In what can only be described as a banner day for the Pac-12 Conference, commissioner Larry Scott continued taking bold steps to heighten the national status of the conference with two announcements Wednesday in Phoenix.
The first, that the Pac-12 brought longtime sports TV progamming competitors ESPN and FOX together for a broadcasting rights deal that extends and expands the conference's partnerships with two giants of the industry. The second, that a new media company, Pac-12 Media Enterprises, will be comprised of a Pac-12 TV network, the Pac-12 Digital Network and Pac-12 Properties.
In other words, more outlets and ways to see a ton of Pac-12 games (including Olympic sports) and other conference-related programming. While Scott didn't confirm the reported 12-year, $2.7 billion deal with ESPN and FOX to carry the best football and basketball games of those networks' choice, he was only too happy to trumpet the soon-to-be exposure/saturation of the Pac-12 nationwide.
The meaning of this for Joe Fan from Eugene, Phoenix, L.A., Seattle, Denver and Salt Lake City (and many more places in between)? "Every football game and every men's basketball game in the conference, and certainly most women's basketball games will be broadcast on one of the platforms that we will have going forward," Scott said. "There's going to be a significant increase in the national exposure for football and for men's basketball, which will be very important for showcasing the premier programs that we have."
That means more Barry Tompkins and Petros Papadakis, more Brent Musburger and the sounds of the Autzen Stadium touchdown horn, the Husky Stadium siren and the Cal Victory Cannon from coast to coast.
"It's important for us because we were able to enhance what we were doing previously," said Burke Magnus, ESPN Senior Vice President of College Sports Programming. "Perhaps most significantly, we really had no previous direct relationship with the men's college basketball programs in this league, that to me is a very important and very significant part of this deal."
FOX was best known in college football for broadcasting the Cotton Bowl Classic in recent years. Now it has added the 2011 Big Ten Championship Game and the Pac-12 Football Championship in 2011 and 2012, and will alternate the Pac-12 game with ESPN on an annual basis after 2012.
Fox will enter the realm of regular-season college football broadcasts, as well. Starting in 2012, there will be 44 regular-season Pac-12 football games televised annually via the networks of ESPN and FOX, which include ABC, ESPN, ESPN2, ESPNU, FOX and FX. Ten of those games will be national telecasts in prime time, either on ABC or FOX.
"There are times when it makes sense to get together," FOX Sports Networks president Randy Freer said of working with ESPN. "We were able to come together and realize that this could be a relationship where everyone truly won and the sum of the parts was bigger than the whole in this case."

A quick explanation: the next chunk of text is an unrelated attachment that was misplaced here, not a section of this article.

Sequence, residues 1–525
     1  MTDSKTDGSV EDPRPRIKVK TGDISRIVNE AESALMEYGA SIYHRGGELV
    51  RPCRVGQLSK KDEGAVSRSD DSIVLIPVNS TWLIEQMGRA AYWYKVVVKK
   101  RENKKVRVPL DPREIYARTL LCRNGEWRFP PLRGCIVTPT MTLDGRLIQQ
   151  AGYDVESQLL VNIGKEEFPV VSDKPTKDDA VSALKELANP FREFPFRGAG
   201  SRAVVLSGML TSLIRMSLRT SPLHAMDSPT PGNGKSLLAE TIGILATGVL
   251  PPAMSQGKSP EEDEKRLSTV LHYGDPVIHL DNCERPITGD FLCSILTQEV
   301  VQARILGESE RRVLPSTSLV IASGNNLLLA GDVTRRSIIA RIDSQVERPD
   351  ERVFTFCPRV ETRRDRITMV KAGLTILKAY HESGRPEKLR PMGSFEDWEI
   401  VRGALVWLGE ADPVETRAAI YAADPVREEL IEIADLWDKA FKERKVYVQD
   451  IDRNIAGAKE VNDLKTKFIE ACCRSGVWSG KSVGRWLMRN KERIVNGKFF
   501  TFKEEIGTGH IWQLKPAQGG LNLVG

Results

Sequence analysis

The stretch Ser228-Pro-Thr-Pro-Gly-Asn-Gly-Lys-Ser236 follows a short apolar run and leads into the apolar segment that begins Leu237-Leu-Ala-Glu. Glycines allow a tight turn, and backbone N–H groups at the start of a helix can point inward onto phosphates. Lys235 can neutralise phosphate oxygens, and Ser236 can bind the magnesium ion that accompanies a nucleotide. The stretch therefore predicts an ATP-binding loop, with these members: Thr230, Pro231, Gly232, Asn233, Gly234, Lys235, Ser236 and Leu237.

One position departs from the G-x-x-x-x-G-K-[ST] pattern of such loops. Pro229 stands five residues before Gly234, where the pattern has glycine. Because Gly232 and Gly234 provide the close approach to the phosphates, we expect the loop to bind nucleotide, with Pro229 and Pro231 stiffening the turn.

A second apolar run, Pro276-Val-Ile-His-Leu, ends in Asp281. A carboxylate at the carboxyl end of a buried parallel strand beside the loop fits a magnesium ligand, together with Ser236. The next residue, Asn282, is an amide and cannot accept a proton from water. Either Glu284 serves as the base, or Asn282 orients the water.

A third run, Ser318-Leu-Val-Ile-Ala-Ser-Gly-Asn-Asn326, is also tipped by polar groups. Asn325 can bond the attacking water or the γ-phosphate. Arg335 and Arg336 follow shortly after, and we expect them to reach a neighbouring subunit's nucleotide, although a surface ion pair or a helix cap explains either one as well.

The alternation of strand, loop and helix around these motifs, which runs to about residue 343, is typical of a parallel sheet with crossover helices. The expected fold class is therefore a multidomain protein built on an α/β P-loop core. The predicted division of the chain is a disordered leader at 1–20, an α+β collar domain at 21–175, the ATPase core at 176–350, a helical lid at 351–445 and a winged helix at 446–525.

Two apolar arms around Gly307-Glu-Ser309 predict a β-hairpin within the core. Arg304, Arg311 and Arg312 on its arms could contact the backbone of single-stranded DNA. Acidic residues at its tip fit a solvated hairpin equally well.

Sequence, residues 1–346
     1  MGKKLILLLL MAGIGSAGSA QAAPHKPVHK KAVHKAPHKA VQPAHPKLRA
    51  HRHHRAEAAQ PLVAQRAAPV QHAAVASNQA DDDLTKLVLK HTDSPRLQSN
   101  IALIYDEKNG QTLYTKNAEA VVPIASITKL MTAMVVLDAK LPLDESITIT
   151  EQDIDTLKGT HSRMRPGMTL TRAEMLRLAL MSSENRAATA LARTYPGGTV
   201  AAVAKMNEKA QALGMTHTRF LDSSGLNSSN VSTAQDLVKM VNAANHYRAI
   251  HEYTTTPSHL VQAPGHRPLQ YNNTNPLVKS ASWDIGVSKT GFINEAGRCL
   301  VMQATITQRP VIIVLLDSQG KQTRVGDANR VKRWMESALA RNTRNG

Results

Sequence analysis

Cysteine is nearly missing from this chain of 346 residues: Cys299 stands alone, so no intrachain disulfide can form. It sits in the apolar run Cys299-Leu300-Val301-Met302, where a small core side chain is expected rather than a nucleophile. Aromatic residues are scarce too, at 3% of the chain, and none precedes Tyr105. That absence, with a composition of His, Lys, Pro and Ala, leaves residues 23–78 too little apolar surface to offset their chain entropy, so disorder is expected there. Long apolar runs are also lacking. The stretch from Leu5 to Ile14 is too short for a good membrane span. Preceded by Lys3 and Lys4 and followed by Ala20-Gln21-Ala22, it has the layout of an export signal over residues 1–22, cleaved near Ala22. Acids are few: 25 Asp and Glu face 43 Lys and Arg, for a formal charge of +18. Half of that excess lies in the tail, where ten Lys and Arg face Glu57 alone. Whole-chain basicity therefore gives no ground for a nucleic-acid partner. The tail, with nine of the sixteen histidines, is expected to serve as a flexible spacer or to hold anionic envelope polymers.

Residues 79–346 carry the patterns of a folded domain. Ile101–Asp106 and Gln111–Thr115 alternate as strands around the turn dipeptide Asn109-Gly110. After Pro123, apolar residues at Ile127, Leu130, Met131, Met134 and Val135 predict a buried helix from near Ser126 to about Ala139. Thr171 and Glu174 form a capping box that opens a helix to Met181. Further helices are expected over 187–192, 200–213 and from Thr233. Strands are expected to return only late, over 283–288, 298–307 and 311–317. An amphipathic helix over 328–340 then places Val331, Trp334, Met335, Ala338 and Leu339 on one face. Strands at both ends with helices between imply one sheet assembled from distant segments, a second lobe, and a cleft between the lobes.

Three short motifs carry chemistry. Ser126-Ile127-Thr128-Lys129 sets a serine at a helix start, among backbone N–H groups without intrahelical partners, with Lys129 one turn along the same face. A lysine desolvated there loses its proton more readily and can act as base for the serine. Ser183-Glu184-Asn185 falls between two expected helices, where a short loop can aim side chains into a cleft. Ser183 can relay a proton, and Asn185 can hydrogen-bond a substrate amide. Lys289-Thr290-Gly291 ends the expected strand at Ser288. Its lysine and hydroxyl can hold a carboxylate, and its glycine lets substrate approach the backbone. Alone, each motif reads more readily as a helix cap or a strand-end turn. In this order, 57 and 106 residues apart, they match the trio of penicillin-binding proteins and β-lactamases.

Another 36 games will be seen on the Pac-12 Network.
"We have a schedule organized and we refer to it as our own version of the draft," Scott said of how the football games will be selected by each entity.
In basketball, 68 regular-season men's games will be shown on ESPN, ESPN2, ESPNU and FOX Sports Net. The other 120-plus games can be seen on the Pac-12 Network or Pac-12 Digital Network. The conference tournament will be on ESPN/ESPN2 or FOX Sports/FX. ESPN gets it first in 2013 and then will rotate with FOX every year afterward.
Five women's basketball games including the Pac-12 tournament championship game, plus 10 more Olympic sports events, will appear on the ESPN networks. The Pac-12 Network will show another 200 live Olympic sports telecasts annually.
Scott hopes that over time, the deal will help allow the "adding back" of sports that have been cut in recent years within the conference. He said there were three goals from the broadcasting rights process; one, to increases revenues for Pac-12 schools; two, to significantly improve the national exposure for the conference and third, to launch a Pac-12 Network.
"It's fair to say 18 months ago, even in our wildest dreams we didn't envision the position that we are in today," Arizona State vice president of athletics Lisa Love said. "Going coast to coast in the presentation of this school and our beautiful sunshine and all the positive things... to be able to export that message all over the country via our sport programs and our partnership with FOX and ESPN, you can just use your imagination and consider the impact."
Love said the issue of time zone and conference exposure to the more densely-populated East Coast is eliminated. She said Scott has been proactive.
"Clearly he's not shy," Love said. "And it's well thought out and extremely strategic."